The Chicago Cubs are not only starting Kyle Schwarber in Game 1 of the World Series, but they’re also benching big offseason acquisition Jason Heyward.
Schwarber was thrown right into the fire, batting fifth and playing designated hitter against the Cleveland Indians Tuesday night. In another surprise move, Chris Coghlan took over for Heyward in right field against Cleveland right-hander Corey Kluber. Both Heyward and Coghlan are left-handed hitters.
After batting .230 with seven homers and 49 RBIs during the regular season, Heyward is 2-for-28 with no homers and one RBI this postseason. The 27-year-old Heyward signed an eight-year, $184 million contract with the Cubs this offseason.
“There is no time left in the year to get him back in the groove like we were trying to do earlier this year,” Cubs manager Joe Maddon said. “We’ll see what it looks like tonight. We’ll let it play out tonight and then make our determination for tomorrow.”
Even though Heyward has struggled at the plate, however, he is known as one of the best defensive outfielders in the game. Leaving him out of the lineup is especially surprising because Jon Lester will be on the mound for the Cubs. The left-hander’s struggles holding runners on base have pushed Maddon to play more defensive lineups behind the starter. Heyward started behind Lester in Game 5 of the National League Championship Series against the Los Angeles Dodgers — a Cubs win.
Coghlan is not known for his outstanding defense, but he’s a .268 lifetime hitter against right-handers. He has one hit, a double, in three plate appearances against Kluber. Heyward is 0-for-3 against Kluber.
The 23-year-old Schwarber returns to the team a little more than six months after having surgery to repair two torn ligaments in his left knee. Doctors cleared him Oct. 17 to hit and run, but he won’t play the field.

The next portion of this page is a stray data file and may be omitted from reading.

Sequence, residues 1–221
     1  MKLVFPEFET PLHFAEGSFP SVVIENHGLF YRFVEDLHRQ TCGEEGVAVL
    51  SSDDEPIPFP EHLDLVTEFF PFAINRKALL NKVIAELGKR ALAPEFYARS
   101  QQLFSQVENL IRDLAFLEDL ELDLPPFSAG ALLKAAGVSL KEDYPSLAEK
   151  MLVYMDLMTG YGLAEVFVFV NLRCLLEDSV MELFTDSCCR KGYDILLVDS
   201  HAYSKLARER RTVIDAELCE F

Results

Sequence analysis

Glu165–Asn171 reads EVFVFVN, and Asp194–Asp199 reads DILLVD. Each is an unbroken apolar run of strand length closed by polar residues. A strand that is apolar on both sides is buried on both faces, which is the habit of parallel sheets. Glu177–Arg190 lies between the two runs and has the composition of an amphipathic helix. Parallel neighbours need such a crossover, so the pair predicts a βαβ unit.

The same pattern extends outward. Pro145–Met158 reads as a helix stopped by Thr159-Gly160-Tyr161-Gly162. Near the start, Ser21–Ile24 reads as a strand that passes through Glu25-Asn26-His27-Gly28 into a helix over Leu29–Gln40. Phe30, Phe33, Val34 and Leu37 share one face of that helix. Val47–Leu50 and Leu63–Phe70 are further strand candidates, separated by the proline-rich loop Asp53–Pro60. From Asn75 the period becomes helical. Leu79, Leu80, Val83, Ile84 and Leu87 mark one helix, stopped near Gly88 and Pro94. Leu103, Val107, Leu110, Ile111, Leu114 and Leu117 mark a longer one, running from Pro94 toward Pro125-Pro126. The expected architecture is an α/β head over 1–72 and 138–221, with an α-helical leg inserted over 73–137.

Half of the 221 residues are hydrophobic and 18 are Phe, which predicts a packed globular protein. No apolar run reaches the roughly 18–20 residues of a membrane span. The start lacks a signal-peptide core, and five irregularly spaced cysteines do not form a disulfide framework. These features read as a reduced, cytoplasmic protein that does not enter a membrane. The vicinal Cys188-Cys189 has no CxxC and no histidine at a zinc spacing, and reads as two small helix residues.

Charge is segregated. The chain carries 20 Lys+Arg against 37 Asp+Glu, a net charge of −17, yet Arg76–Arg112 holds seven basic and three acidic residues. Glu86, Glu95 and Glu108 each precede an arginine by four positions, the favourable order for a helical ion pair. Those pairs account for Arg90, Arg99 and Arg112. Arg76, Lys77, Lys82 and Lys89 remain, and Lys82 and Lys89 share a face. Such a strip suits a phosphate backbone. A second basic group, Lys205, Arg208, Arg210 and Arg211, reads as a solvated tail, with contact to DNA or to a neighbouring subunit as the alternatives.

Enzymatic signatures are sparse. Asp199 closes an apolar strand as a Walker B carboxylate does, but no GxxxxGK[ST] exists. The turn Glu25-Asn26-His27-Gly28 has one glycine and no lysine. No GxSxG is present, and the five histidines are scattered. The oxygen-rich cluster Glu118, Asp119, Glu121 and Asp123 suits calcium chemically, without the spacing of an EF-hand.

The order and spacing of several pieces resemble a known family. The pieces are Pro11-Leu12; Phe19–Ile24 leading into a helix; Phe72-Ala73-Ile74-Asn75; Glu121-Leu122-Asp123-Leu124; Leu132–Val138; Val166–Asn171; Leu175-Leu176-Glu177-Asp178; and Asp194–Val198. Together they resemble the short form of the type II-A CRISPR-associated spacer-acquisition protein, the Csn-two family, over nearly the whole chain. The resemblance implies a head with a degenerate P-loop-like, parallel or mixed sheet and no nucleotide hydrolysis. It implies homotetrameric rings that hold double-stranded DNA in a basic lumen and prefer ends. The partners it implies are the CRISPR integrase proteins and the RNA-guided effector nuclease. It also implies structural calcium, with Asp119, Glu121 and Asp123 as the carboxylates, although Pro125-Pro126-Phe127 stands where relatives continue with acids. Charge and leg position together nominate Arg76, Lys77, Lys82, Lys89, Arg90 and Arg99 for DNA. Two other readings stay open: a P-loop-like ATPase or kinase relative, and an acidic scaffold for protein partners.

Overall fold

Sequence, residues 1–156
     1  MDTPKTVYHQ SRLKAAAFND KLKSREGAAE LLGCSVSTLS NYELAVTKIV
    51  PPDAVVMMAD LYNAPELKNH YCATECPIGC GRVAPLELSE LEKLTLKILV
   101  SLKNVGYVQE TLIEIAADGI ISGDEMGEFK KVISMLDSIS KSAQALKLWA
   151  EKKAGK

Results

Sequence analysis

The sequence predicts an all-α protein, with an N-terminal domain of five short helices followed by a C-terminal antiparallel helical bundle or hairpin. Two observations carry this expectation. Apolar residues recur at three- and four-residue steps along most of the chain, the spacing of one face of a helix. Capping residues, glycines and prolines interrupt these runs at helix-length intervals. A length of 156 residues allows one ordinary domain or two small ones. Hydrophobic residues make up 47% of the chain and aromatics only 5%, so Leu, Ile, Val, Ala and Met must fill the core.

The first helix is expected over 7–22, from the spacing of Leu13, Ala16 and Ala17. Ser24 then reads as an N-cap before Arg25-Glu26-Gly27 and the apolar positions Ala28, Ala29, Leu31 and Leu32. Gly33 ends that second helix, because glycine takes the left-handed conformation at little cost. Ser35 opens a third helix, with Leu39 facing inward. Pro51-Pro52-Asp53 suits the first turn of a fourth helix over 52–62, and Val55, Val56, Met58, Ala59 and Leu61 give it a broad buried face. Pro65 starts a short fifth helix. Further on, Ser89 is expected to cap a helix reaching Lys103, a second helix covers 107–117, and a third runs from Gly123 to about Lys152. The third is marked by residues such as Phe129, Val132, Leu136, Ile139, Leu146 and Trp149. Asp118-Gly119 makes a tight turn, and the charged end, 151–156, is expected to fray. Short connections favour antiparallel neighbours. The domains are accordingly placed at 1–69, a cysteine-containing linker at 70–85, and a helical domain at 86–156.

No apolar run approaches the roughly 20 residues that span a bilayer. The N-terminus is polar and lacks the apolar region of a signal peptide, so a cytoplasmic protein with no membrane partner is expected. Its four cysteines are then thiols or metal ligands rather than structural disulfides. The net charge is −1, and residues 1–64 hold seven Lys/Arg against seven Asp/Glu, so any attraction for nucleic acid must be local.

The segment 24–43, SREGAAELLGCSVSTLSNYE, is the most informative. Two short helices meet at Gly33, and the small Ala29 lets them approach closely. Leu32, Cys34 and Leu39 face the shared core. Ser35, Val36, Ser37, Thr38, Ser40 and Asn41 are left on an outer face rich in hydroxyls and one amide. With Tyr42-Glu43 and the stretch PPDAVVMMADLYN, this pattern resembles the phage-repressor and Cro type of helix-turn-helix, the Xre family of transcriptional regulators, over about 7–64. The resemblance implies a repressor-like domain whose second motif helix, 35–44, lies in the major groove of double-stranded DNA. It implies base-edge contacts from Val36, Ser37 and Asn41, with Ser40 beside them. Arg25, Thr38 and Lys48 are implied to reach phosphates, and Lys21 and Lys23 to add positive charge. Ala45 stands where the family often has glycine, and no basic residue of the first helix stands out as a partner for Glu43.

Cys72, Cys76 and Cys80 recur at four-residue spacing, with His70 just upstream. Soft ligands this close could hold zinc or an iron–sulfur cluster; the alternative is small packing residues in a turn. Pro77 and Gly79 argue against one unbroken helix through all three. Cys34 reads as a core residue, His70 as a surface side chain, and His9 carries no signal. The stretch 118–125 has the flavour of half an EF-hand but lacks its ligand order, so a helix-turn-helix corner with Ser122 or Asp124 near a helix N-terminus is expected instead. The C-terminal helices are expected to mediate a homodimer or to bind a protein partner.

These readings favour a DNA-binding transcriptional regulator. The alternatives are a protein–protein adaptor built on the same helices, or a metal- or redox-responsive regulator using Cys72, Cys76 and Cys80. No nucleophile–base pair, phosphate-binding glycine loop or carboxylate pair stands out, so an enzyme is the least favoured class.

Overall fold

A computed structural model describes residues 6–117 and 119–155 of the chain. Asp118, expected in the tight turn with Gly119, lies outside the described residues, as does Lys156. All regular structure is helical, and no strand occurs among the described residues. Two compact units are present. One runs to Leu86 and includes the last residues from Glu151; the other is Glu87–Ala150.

He said that he thought it was realistic to return this season only about six days ago. He has been seeing the doctor every month or two and the timetable was always for a spring training return.
“Then this past doctor’s visit I had right before we went to L.A. for the CS he looked at my knee, he’s like, ‘Man, it’s great. You’re strong. I’m not going to hold you back from doing anything,’” Schwarber said. “So then we went from there.”
Schwarber takes the roster spot of lefty reliever Rob Zastryzny, who was needed in the NLCS because of a heavily left-handed-hitting Dodgers lineup. The Cubs will employ 11 pitchers and 14 position players for the World Series, the same numbers they used in the NLDS. There were no other changes to their roster from the previous round.
Schwarber is the franchise’s postseason home run leader after hitting five in 2015. He made his first career start against the Indians in June 2015, going 4-for-5 at Progressive Field. He’s also an Ohio native.
He said appearing in the World Series hasn’t sunk in yet.
“I’d say probably once I hit that line, that a lot of emotions will come pouring out,” he said. “I’ll probably cry at some point today. It was a long road, but once we stepped in between those lines, it’s game time. I’m going to be locked in. I’m going to be ready to go and go out there and try to win this.”